9th August 2016
Mr GREG PIPER ( Lake Macquarie ) ( 17:10 :54 ): One often hears people despair about the world we will leave for future generations, particularly in relation to loss of our natural areas and our native animals. With so much already gone and seemingly relentless pressure on our bushland, anyone would be a fool to dismiss such concerns. I, too, sometimes despair, but then I meet people who convince me that, while some people appear blithe to the risks to our environment, there are lots of people working hard to repair it and to save it from further degradation. They restore my faith in the future a little.
I was recently delighted to be a small part in a quiet revolution going on within the Landcare movement—a quiet generational shift that is engaging young people on environmental issues in a way not seen before. Landcare, as members of this House well know, has been regenerating our natural environment for decades, but it is benefiting from a youthful makeover from an organisation called Intrepid Landcare, which aims to connect young people, inspire change and involve young people in environmental initiatives that blend travel, adventure and environmental action.
Intrepid Landcare was launched in the Hunter region in June this year with a retreat at Glenrock Lagoon Scout Camp. It brought together 16 young people aged between 16 and 30 years for a leadership retreat that aimed to educate and empower them to lead other groups of young people into a new era of environmental action. I sponsored the initiative along with Lake Macquarie City Council and the Hunter region's Landcare groups because I was amazed at what was being done. Getting young people interested in these types of initiatives has always been difficult, but Intrepid Landcare is drawing them in with a modern twist on something that, with respect, had become the domain of older people with a bit of time on their hands for good community deeds—and what great work they have been doing.
Of those who attended the leadership retreat, two-thirds had never volunteered for a community initiative before. Almost half had never heard of Landcare before or were never aware of the opportunities it offered. This program has struck a real chord with young people. One of the retreat participants, Kara Agllias from Tighes Hill in nearby Newcastle, said the Intrepid Landcare program was appealing to the younger generation because it was all about adventure and the opportunity to see different places while getting involved in planting programs and other environmental projects. She said the traditional Landcare model of working on one single area of land had changed with Intrepid Landcare. Under the new program, groups will travel to different locations and undertake different activities combined with a bit of adventure.
During the weekend retreat the young leaders planted native trees and grasslands at Burwood Beach, abseiled within the Glenrock conservation area, discussed leadership roles with mentors, went on birdwatching walks, learned about the local history and socialised. They also identified four key projects to undertake within the next six months and started their own group on social media through which they can keep in touch and stay involved in the projects. Intrepid Landcare's co-founders, Megan Rowlett and Naomi Edwards, have been blown away by the enthusiasm for their little Landcare revolution not just in the Hunter but throughout the State, and so am I. This is the kind of generational change we need. I note the presence in the Chamber of the member for Keira. I am sure he is very pleased that Megan Rowlett is from the South Coast; she is doing a fabulous job in his electorate.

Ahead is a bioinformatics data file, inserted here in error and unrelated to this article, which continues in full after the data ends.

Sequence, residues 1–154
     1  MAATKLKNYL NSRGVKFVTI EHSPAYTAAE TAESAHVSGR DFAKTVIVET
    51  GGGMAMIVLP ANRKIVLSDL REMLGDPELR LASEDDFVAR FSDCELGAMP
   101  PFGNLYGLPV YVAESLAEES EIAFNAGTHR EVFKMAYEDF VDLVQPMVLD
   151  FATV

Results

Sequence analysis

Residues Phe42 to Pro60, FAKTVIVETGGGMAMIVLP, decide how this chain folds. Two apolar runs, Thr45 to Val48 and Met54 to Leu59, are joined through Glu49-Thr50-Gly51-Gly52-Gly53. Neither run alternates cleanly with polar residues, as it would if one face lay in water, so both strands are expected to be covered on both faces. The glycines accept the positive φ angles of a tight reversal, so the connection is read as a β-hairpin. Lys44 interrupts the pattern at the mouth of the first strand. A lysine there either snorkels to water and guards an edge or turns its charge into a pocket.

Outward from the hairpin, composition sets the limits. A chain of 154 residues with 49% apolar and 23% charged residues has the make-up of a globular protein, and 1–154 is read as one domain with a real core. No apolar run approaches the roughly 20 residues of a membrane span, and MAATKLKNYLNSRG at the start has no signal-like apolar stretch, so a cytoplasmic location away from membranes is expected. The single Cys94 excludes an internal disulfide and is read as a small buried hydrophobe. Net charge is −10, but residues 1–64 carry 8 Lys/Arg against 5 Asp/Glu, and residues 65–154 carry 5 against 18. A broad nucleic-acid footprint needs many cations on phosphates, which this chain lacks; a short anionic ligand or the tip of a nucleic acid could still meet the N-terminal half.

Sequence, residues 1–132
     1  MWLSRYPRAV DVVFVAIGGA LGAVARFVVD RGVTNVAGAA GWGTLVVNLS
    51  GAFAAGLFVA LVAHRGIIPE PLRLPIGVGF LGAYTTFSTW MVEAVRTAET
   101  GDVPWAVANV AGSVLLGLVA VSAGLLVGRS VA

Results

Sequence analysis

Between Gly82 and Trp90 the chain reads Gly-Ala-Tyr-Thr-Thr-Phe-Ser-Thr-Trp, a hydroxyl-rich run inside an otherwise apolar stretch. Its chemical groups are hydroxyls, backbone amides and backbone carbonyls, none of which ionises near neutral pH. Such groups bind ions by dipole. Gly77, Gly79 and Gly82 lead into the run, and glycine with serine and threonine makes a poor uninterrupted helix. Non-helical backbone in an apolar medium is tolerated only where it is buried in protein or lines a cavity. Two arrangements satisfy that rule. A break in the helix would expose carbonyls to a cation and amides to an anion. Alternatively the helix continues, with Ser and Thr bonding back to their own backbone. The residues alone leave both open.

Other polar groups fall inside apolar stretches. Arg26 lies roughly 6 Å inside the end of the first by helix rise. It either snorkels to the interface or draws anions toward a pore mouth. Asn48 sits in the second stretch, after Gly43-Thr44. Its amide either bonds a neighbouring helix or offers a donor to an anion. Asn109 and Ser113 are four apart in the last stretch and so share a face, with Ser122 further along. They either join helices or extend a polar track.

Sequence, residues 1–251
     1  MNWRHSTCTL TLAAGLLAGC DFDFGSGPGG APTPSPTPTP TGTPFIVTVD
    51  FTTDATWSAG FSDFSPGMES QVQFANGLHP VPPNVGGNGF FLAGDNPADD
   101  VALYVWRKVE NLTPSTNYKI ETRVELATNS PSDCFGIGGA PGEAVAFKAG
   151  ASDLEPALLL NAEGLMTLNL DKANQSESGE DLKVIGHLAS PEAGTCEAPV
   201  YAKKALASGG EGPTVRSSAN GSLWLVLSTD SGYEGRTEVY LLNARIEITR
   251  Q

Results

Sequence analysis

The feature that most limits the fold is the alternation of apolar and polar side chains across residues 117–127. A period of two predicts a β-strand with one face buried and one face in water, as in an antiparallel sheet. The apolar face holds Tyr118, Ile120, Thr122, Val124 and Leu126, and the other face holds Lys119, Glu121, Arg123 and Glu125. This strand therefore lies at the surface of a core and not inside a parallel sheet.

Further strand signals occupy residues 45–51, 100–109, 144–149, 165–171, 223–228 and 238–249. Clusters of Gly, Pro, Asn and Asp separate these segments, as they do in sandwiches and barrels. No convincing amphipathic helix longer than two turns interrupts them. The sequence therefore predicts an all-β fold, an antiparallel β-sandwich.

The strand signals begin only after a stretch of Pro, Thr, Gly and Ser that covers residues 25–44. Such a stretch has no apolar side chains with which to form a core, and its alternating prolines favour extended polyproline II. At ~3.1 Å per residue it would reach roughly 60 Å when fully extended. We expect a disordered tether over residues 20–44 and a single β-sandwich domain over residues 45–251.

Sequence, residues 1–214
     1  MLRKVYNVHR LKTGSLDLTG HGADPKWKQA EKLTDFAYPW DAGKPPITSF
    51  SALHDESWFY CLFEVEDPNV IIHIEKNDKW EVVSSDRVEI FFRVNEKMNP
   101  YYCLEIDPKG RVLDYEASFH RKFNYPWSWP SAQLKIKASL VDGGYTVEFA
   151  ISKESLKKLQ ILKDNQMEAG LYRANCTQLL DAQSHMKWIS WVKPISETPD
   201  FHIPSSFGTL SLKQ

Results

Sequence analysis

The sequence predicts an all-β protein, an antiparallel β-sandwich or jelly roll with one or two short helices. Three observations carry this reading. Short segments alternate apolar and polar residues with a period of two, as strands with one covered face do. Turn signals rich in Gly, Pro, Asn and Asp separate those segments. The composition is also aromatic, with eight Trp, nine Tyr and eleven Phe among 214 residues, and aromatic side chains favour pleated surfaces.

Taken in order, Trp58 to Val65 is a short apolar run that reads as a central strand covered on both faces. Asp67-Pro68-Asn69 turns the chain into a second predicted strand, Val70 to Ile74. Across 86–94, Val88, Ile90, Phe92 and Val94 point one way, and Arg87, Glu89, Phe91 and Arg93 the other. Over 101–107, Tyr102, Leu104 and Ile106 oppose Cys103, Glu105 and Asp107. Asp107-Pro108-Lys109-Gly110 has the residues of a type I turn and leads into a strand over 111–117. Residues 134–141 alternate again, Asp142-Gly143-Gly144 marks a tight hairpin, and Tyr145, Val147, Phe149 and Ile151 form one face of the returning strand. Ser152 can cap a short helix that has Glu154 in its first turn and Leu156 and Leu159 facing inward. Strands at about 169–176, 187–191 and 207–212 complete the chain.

Landcare in Lake Macquarie generates millions of dollars worth of volunteer labour each year. Ecosystems receive enormous benefits including work to stabilise critical habitat and enhance wildlife corridors, stormwater and riparian processes as well as dunes, foreshores, rainforests and wetlands. Landcare works by engaging people in environmental work and puts them on the ground where work is needed, achieving far more than could ever be paid for by governments or local councils. Lake Macquarie is a significant geographical region and the local Landcare network takes a lead role in caring for our urban forests and landscapes. It is therefore imperative that it finds ways of not only keeping people engaged and active but attracting more young people to its ranks of volunteers so it can continue to meet the growing demand on its resources. That is why the Intrepid Landcare program is so important to the future—not just Landcare's own future, but the future of our natural environment.
The Hunter group has not sat idle since that first weekend. It has been busy working on key projects and is in the process of seeking funds from the Environmental Trust to hold an Intrepid Landcare retreat for Indigenous youth in the Hunter region. I was overwhelmed by the enthusiasm of the young people I met during Intrepid Landcare's inaugural retreat at Glenrock. These young people were genuine in their desire to make a difference to the environment and to their local communities as well as far and beyond. I am pleased to be able to support them where I can and to bring knowledge of this great new movement to this House.
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